A “salmanazar” of champagne to any Canadian who wins gold

Tucked away behind the media centre in Whistler, B.C.—not that any of us could afford it—is the Bearfoot Bistro, a high-end dining spot presided over by Quebec City-native and food showman Andre Saint-Jacques. In a basement where the high ceilings are lined from top to bottom with a treasure trove of wine, Saint-Jacques has on display a plaque bestowed him by the people at Guinness World Records for champagne sabering (21 bottles decapitated in under a minute).

And, down there too, he has a number of bottles—very, very large bottles, like small nuclear devices—of champagne.

If a magnum of champagne is 1.5 liters, a Salmanazar is nine, and Saint-Jacques, who approaches life as a restaurateur with the manic verve of a P.T. Barnum—he chooses from amongst his many champagne-sabering swords according to how the feeling takes him—has promised one of the latter to all Canadian athletes who win gold at the games. The magnums will go to lesser medals.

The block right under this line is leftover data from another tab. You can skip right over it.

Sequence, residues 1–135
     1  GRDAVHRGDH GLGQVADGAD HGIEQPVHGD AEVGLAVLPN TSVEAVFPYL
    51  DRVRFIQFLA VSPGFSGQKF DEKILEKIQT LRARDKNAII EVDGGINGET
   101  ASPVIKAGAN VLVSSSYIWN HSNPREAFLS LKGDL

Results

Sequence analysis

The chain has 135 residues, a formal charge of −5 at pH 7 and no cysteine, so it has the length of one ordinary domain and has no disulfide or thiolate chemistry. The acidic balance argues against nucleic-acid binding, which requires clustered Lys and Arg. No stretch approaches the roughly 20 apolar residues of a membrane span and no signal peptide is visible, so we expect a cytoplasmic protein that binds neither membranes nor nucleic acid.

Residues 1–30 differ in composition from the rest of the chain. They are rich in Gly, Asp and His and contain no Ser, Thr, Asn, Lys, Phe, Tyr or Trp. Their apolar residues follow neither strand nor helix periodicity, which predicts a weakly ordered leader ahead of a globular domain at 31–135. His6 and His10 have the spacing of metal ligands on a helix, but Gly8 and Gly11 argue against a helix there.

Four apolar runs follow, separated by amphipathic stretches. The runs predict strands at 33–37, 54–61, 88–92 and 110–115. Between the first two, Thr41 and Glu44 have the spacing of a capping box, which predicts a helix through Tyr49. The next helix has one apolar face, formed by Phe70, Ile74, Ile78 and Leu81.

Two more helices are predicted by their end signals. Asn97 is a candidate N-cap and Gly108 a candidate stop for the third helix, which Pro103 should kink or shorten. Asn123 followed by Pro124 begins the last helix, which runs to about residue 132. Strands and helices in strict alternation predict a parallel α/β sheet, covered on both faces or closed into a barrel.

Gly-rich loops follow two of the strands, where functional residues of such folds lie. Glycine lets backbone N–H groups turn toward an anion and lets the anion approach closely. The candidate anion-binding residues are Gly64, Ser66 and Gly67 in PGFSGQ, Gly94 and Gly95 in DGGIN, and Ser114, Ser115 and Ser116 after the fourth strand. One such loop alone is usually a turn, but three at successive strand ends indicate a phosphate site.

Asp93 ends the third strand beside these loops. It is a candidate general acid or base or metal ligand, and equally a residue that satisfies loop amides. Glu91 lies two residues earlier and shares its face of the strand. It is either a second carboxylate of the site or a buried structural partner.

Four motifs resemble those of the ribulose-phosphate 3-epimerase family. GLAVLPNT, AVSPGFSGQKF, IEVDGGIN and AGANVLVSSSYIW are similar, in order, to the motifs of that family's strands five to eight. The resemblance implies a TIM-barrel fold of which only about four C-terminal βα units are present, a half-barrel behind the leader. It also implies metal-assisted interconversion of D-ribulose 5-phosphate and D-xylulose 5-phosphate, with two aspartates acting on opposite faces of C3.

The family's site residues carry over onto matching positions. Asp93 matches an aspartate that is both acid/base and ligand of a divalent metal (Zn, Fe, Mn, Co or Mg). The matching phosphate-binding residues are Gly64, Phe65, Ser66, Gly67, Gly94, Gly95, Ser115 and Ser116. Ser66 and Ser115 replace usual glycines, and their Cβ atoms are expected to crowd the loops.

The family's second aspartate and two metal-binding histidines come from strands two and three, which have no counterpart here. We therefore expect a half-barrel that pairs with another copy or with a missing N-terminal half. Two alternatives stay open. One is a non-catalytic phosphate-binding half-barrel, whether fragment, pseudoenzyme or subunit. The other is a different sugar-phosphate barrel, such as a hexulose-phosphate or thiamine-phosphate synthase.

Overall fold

Not that the B.C. liquor control board approved. But then again, Saint-Jacques is armed.

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